Loads of Learned Lumber

Thursday, July 17, 2008

Jonathan Lethem, _Motherless Brooklyn_

ANOTHER BACK CATALOG foray, as the only other novel I have read by Lethem is the book that followed this one, The Fortress of Solitude.

Motherless Brooklyn is a fine novel, and a prize-winning one (National Book Critics Circle Award for fiction) -- yet its winning that prize surprises me, because it's one of those honors that normally goes to literary fiction rather than genre fiction, and Motherless Brooklyn sure seems like classic noir detective fiction to me.  

Some literary fiction is obviously inspired by or modelled on genre fiction in general and detective fiction in particular -- Auster's New York Trilogy comes immediately to mind.  You would not actually mistake City of Glass for an honest to god detective novel, though, would you?  The metafictional games, the lack of resolution.... 

The blurb on the back of my copy of Motherless Brooklyn calls it a "compelling and compulsive riff on the classic detective novel," and a "homage to the classic detective tale," but in what respect is it a "riff" on or "homage" to the detective novel rather than, simply, a detective novel?

I can imagine someone asking, "if it's a good novel, who cares how you classify it?"  Reasonable point.  Classifying it as one thing rather than other does have practical consequences, though, such as where it is placed in the store and whether it will get serious consideration for, say, the National Book Critics Circle award.  So what makes a detective novel a "riff" on rather than an instance of its own genre -- hence in a more prestigious if typically less lucrative category?

Maybe our narrator?  Our narrator, Lionel Essrog, is quite a bit more interesting than Philip Marlowe (in my opinion) or Easy Rawlins or whoever we are following around in James Ellroy, not only because of his Tourette's -- did this book inspire the TV series Monk, do you suppose, with its neurologically-awry detective? -- but also because he develops and finds himself in the course of his investigations in a kind of frantically compressed bildungsroman.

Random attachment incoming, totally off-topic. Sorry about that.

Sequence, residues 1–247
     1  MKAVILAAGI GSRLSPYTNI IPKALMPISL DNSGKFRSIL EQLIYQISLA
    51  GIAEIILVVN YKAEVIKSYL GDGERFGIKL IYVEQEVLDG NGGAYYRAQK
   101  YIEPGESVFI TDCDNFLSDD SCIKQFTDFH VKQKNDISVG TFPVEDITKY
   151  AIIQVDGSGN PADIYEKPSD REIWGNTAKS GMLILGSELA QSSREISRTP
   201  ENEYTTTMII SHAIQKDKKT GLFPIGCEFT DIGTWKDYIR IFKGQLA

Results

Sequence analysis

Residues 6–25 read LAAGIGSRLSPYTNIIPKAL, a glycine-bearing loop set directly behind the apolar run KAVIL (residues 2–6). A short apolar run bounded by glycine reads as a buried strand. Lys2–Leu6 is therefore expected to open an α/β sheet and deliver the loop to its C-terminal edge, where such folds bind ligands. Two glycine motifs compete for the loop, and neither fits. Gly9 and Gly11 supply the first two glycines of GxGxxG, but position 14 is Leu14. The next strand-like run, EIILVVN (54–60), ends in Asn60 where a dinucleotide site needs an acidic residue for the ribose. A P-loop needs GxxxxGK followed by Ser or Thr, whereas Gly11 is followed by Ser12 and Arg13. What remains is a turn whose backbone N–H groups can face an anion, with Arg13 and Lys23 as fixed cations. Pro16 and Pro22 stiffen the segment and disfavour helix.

Great ending, too -- although that alone makes it seems more genre fiction than literary fiction, as our literary fiction writers seem to have entirely misplaced the whole art of ending a novel.  So many novels that I very much liked -- Benjamin Kunkel's Indecision, Jennifer Egan's Look at Me, Elizabeth McCracken's The Giant's House, anything by Zadie Smith, even The Fortress of Solitude for that matter, left me thinking, "hmm...what?...that's an ending?"

Someone I once talked to had a theory: novelists sell a novel on the basis of the first few chapters, which consequently they slave over, get other opinions on, polish to a fine sheen and so on, but once they have a contract on the basis of those chapters it is in their interest to finish the rest as expeditiously as possible, and so we are now in the era of under-achieving endings of novels.

This could never happen with genre fiction, though -- you couldn't write a romance or a mystery unless you knew how it ended.  

So, since Motherless Brooklyn has a corker of an ending, it must be genre fiction?  Hmm, that won't work either, will it?

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